Henan pastor's trial resumes with little cooperation from court; pastor's daughter held in black jail

Friday, May 2, 2014

Pastor Zhang Shaojie in an undated photo.
(Photo courtesy of the Zhang family)
China Aid Association

(Nanle County, Henan—May 2, 2014) The trial of a detained Three-Self pastor in central China’s Henan province resumed on Tuesday with new defense lawyers in place; meanwhile, the pastor’s daughter had been taken to a black jail.

Pastor Zhang Shaojie’s trial, after much delay, began on April 10. The hearing that day ended with Zhang Shaojie firing his lawyers, Zhao Yonglin and Liu Weiguo, out of desperation caused by the unjust situation created by the court (see http://www.chinaaid.org/2014/04/tspm-pastors-trial-in-henan-adjourned.html and http://www.chinaaid.org/2014/04/tspm-pastor-hires-new-lawyers-trial-to.html).

The prosecution submitted four written records as evidence against Zhang Shaojie; however, none of the witnesses who allegedly gave the statements were present in court despite requests from the defense for their attendance. In addition, the written records are said to have been obtained while the witnesses were held in a black jail, and the police signatures on one of the records, which require two police signatures, appeared to have been signed by one person.

When the trial resumed Tuesday morning, Zhang Shaojie’s new lawyers, Zhang Xinyun and Li Dunyong requested that 10 witnesses be summoned to the hearing, but the judge rejected the request.

Included in the 10 requested witnesses was Li Cairen, a believer detained in an illegal detention center. Li is the victim, according to the procuatorate, of Zhang Shaojie’s alleged fraud charge, in which he supposedly swindled Li out of 700,000 yuan (US$111,000). The charges stem from Zhang Shaojie having helped Li Cairen negotiate a settlement when her son was killed in an accident in 2009 (see http://www.chinaaid.org/2014/01/exclusive-identity-of-12-detained-nanle.html and http://www.chinaaid.org/2014/02/pastors-trial-postponed-story-behind.html).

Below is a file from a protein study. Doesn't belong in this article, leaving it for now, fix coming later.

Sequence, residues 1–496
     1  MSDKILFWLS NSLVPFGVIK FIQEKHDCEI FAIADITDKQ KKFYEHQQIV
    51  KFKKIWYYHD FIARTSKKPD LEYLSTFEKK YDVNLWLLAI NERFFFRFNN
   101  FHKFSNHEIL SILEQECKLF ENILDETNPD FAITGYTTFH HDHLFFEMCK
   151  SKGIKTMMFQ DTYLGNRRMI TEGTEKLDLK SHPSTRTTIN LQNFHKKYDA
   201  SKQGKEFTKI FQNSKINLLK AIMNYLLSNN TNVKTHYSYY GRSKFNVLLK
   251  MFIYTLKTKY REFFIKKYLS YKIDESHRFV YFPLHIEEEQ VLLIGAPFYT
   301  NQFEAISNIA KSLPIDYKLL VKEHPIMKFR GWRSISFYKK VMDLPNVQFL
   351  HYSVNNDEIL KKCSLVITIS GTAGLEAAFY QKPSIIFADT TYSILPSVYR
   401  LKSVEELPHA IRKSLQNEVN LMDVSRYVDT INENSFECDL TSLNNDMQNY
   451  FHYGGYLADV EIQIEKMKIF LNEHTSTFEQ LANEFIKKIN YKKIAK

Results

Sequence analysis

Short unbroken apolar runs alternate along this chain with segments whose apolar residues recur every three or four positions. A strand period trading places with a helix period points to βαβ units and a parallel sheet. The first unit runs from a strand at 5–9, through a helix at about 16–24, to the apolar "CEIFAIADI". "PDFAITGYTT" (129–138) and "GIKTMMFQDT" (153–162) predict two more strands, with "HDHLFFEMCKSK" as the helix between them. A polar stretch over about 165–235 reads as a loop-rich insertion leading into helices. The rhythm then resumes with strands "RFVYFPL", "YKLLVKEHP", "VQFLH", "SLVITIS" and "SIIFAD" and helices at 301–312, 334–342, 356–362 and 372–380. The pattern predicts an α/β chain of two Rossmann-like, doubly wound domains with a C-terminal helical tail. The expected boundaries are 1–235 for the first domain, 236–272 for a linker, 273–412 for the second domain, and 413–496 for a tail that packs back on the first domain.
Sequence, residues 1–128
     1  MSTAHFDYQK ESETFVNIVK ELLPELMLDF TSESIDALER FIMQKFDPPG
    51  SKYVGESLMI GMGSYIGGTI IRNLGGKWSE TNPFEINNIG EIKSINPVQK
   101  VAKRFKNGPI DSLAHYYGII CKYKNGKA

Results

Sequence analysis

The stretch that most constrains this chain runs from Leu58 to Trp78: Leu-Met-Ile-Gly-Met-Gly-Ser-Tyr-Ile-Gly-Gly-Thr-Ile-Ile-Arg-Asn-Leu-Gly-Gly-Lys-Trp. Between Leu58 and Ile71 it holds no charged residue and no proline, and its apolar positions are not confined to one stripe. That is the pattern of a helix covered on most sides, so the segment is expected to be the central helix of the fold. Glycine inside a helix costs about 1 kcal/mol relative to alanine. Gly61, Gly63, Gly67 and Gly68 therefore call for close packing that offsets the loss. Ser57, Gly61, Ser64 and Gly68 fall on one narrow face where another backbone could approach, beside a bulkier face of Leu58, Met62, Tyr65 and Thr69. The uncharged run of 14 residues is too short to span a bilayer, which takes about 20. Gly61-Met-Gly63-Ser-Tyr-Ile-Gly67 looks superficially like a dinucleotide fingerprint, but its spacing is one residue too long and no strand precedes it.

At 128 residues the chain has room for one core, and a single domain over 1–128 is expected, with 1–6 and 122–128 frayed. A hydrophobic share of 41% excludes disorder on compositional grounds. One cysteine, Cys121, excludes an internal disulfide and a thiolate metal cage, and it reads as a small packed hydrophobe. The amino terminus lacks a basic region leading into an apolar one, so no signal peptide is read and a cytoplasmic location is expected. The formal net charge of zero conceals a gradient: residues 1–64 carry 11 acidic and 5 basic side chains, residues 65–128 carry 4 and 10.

“Compared to last time, they are more resolute and not friendly,” Zhang Lingxin, Zhang Shaojie’s daughter, said. Zhang Lingxin was one of two relatives allowed in the courtroom, which seated approximately 20 people.

“My father [would] say something in court, but he was always interrupted. Sometimes, my father wanted to say that certain things were not what he meant… He was interrupted by the chief judge when he wanted to explain,” Zhang Lingxin said.

“My father’s condition is not very well. He looked dispirited and more emaciated that the last time I saw him,” Zhang Lingxin told China Aid.

When the trial was adjourned at 8 p.m., Li Dunyong said that authentication had been completed and the trial would resume the following morning. “Zhang Shaojie performed well in court, and he tried his best to defend himself.”

Believers reported that the local police had sealed roads accessing the courthouse, just like they did on April 10. Also, church members were visited by police in their homes and told not to leave their homes during the trial.

China Aid also learned that, prior to her father’s trial, Zhang Huixin, Zhang Shaojie’s oldest daughter, had been taken to a black jail. Before that, Zhang Huixin had been at the U.S. Embassy in Beijing on April 25, where she was forcibly removed from the building and became unconscious during her ejection. Details about the events at the U.S. Embassy and Zhang Huixin’s subsequent detention are limited at this time.

China Aid Contacts
Rachel Ritchie, English Media Director
Cell: (432) 553-1080 | Office: 1+ (888) 889-7757 | Other: (432) 689-6985
Website: www.chinaaid.org